Pluto Bioinformatics

GSE124772: A nutritional memory impairs transcriptional, metabolic and survival response to dietary restriction in old mice

Bulk RNA sequencing

Dietary restriction (DR) during adulthood can greatly extend lifespan and improve metabolic health in diverse species. However, whether DR in mammals is still effective when applied for the first time at old age remains elusive. Here, we conducted a late-life DR switch experiment employing 800 mice, by switching old animals from ad libitum (AL) to DR and vice versa. Strikingly, the switch from DR-to-AL acutely increased mortality, while the switch from AL-to-DR caused only a weak and gradual increase in survival, highlighting a memory of earlier nutrition. A significant association between fat preservation and survival response pointed to the adipose tissue as a potential memory source. Consistently, post-switch RNA-seq profiling in liver, brown (BAT) and white adipose tissue (WAT) demonstrated that the transcriptional and metabolic program of chronic DR remained largely refractory to the AL-to-DR switch in the two fat tissues, particularly in WAT. This loss of transcriptional flexibility coincides with a major proinflammatory signature in aged preadipocytes, which is prevented by chronic DR feeding. Integration of lipidomics confirmed impaired membrane lipogenesis and limited mitochondrial copy number increase under late-life DR as functional consequences of this memory effect. Together, our results provide evidence for a nutritional memory as a limiting factor for DR-induced longevity and metabolic remodeling of WAT in mammals. SOURCE: Oliver Hahn ( - Linda Partridge Max-Planck-Institute for Biology of Ageing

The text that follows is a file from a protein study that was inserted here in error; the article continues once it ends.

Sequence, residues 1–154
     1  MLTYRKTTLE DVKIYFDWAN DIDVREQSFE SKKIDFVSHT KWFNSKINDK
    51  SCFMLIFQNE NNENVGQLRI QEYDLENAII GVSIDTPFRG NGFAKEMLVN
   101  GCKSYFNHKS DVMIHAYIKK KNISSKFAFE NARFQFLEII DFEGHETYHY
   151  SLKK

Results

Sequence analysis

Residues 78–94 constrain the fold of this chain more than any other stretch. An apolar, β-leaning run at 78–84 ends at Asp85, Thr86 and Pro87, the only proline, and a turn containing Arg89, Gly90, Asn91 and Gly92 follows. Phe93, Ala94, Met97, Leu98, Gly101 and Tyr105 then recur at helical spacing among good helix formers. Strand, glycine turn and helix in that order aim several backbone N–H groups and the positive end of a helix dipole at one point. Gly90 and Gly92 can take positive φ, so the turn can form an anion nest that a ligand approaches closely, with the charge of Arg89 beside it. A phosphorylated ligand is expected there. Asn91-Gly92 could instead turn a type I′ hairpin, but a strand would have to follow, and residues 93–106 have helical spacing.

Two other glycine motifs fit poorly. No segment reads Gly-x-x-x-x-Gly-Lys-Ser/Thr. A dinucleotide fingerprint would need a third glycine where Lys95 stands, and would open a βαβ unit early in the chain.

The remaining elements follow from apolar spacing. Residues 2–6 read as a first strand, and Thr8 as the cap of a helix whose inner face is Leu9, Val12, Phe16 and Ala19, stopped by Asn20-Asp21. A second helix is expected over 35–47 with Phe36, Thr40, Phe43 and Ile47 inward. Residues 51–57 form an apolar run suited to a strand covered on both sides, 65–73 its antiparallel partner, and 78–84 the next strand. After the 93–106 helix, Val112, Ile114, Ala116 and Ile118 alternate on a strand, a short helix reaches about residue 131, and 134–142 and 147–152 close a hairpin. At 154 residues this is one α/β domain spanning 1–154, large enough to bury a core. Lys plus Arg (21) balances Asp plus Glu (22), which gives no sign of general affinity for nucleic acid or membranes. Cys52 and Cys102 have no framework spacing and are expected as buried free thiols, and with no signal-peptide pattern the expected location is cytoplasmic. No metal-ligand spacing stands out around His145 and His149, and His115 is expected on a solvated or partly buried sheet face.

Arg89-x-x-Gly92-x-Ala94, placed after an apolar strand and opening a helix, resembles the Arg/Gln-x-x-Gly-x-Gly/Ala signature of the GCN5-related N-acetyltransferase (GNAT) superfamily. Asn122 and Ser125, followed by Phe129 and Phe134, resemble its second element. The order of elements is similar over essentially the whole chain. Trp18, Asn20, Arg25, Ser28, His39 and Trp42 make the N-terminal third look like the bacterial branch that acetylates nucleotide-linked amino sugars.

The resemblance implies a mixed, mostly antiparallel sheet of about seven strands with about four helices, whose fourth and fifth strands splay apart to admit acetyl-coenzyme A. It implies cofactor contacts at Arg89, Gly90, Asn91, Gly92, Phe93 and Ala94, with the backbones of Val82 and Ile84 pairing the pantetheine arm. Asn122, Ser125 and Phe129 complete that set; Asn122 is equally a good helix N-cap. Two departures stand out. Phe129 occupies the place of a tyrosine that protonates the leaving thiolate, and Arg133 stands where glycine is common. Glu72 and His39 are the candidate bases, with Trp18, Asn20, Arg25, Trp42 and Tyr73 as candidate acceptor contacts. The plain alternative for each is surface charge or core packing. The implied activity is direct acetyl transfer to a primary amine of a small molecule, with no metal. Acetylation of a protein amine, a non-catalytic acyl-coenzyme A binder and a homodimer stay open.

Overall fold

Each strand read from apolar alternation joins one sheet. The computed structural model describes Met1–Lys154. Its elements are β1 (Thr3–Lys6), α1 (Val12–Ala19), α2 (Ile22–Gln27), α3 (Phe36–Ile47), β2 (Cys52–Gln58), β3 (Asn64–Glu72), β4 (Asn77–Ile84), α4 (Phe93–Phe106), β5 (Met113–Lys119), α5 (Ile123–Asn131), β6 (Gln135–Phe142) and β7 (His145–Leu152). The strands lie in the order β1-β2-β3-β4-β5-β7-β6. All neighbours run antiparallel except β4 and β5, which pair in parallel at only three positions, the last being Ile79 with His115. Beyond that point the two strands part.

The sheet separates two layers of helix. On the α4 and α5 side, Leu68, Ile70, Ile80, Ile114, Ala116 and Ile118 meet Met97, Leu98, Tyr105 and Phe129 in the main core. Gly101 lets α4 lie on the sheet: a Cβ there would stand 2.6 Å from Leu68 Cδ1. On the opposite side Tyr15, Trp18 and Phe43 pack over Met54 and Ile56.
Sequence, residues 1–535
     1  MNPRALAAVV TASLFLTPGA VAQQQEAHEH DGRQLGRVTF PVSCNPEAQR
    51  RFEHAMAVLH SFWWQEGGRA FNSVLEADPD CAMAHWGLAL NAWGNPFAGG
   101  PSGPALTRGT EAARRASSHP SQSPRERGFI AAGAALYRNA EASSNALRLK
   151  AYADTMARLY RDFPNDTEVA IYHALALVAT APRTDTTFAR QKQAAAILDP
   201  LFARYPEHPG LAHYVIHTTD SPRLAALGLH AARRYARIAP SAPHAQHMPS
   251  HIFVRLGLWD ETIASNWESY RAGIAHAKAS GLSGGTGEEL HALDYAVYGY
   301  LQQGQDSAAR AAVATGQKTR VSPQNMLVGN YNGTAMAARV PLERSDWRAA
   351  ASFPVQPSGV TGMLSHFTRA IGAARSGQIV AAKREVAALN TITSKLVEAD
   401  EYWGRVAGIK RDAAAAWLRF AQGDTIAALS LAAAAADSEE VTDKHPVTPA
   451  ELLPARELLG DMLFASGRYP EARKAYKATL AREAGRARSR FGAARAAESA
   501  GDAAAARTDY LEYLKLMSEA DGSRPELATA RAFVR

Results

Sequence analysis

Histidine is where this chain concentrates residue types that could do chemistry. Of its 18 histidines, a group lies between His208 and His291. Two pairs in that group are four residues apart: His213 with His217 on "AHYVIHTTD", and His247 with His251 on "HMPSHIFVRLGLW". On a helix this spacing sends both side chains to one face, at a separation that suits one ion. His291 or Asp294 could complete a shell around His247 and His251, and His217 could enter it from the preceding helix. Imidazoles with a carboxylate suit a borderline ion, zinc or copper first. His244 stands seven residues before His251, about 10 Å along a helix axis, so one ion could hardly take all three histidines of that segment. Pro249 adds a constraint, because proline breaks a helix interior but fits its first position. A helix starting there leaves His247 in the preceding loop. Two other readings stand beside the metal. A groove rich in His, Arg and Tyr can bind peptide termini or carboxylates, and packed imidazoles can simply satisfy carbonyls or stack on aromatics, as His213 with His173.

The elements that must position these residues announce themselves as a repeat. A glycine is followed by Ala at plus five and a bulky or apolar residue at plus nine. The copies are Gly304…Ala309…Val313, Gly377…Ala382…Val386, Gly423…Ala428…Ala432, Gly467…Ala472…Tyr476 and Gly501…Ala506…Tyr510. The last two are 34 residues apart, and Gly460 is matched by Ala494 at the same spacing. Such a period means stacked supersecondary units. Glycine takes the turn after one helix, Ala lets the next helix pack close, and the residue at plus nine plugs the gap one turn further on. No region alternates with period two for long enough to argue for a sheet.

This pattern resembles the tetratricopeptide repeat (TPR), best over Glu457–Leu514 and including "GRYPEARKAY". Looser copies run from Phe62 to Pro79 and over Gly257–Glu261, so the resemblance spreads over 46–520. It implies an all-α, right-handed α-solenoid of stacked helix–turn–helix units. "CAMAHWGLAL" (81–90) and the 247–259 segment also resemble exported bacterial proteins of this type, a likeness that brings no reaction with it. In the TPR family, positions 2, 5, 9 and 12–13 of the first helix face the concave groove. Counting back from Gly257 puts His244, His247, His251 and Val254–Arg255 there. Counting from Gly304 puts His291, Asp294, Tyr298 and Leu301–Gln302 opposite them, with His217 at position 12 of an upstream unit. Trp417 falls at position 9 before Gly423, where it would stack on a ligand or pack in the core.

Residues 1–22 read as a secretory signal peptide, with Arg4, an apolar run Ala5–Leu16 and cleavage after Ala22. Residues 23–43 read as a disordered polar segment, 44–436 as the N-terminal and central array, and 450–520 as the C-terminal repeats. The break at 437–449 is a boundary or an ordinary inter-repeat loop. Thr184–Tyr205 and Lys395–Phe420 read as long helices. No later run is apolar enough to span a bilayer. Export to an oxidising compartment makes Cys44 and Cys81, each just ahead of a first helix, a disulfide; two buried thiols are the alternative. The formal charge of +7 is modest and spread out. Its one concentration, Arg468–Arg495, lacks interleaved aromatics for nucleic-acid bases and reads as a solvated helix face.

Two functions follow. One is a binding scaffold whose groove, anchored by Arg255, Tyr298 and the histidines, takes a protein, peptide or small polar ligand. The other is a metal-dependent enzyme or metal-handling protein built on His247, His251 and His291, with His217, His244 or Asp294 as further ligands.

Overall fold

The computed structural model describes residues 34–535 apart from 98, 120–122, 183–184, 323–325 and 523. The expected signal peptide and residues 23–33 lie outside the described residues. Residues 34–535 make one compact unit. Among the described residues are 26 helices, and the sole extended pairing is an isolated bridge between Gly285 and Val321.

View this experiment on Pluto Bioinformatics